With CHARLIE HARPER
For a several weeks now the US has been floundering in its response to the coronavirus pandemic. Initially, the American administration, and especially President Donald Trump, downplayed the health danger of the virus. As a result the US found itself underprepared and potentially overwhelmed once the virus truly turned its attention to America.
The clumsy, incompetent US reaction to the coronavirus was led by Trump and his pathological fixation on the performance of the New York Stock Exchange and its (until recently) supportive effect on his re-election prospects. Trump has also revealed himself to legions of previously innocent souls that he cares mostly – perhaps only – about himself. Empathy is not in his tool box.
While Trump was fumbling and stumbling around in an attempt to take the onrushing virus threat seriously and reassure an increasingly anxious nation, the two remaining candidates to replace him squared off in CNN’s Washington studios in a debate without an audience but with a purpose.
On Sunday evening, Bernie Sanders took his last big swings at Joe Biden. It didn’t go well for the maverick Vermont Independent (he only caucuses with the Democrats in the Senate. He is not actually registered with either major political party).
Sanders tried - over two fairly interesting hours of one-on-one debate - to score points off Biden’s long legislative record in Washington. Biden kept returning to the present and near future, focusing on how he would handle the current health crisis and related financial distress.
While Sanders did not hoarsely hector as he has so often done in the past, it was Biden who looked and acted presidential. If Democratic voters in this week’s primary elections and beyond needed reassurance that the former vice president and Delaware senator was up to the task of being the US chief executive, Biden largely provided it.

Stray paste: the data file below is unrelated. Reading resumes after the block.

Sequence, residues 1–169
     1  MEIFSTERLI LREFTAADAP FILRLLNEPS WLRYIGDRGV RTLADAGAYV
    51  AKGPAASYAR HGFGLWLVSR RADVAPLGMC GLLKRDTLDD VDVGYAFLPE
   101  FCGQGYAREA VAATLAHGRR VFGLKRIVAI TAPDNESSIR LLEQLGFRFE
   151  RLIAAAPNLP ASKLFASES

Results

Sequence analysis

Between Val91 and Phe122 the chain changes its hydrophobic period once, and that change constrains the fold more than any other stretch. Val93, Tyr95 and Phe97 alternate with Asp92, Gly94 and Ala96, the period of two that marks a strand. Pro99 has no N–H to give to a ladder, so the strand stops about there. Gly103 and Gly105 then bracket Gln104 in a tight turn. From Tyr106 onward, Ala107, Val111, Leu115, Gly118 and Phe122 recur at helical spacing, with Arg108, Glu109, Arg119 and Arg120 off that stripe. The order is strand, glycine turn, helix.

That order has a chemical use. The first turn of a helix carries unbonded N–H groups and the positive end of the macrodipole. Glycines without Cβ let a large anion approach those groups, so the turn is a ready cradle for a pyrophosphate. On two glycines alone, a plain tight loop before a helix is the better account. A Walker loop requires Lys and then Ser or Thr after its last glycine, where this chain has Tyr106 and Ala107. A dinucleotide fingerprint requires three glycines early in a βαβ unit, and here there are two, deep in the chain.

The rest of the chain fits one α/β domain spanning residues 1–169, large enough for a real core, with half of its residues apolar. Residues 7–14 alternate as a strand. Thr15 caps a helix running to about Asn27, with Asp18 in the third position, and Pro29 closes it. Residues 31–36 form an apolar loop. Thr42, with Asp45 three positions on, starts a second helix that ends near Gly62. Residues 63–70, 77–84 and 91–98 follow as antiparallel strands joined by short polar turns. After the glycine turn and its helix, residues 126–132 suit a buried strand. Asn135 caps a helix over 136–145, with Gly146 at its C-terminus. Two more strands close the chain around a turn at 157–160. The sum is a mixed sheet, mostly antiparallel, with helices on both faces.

Then on Tuesday, Biden waxed Sanders again, sweeping three important primaries in Illinois, Washington and Florida. The Democratic nominee is virtually certain to win the first two states in November, but Florida is highly questionable, and may well support Trump again.
Meanwhile, Ohio’s governor postponed his state primary on public health grounds. If the Democrats carry Ohio in November, they will be headed for a landslide victory.
In their debate, Biden reached out to Sanders and his followers a few times. He pointedly noted that he has adopted some of his party’s left-wing priorities. He said emphatically that if Sanders became the nominee, he could count on Biden’s enthusiastic and unambiguous support.
Sanders was a step slow and hesitant in reciprocating. This was also evident when the moderators inquired about the candidates’ readiness to add a female vice-presidential nominee to their ticket. Sanders mumbled in the affirmative, but it appeared insincere.
Biden, on the other hand, clearly said his VP choice would be a woman. (He also promised to name a black female to the US Supreme Court.) In remarks during the past week, Biden has pretty clearly telegraphed that his choice would be one of his erstwhile debate rivals.
Any presidential candidate wants a running mate who will provide a tactical and strategic benefit to the ticket. But only one woman who has shared this season’s debate stage really fills the bill. The Democrats will carry Massachusetts (Elizabeth Warren’s home state) and California (home to Kamala Harris), so adding either would bring limited returns. Among the major contestants, that leaves Minnesota senator Amy Klobuchar.
Lost in all the lamentations over the Hillary Clinton’s loss of Michigan and Wisconsin to Trump in 2016 is the fact that she nearly lost Minnesota to him as well. Trump has held rallies there this year, a good indication that he thinks his prospects in Minnesota are good for November. And we know that the president is a pretty good judge of such matters.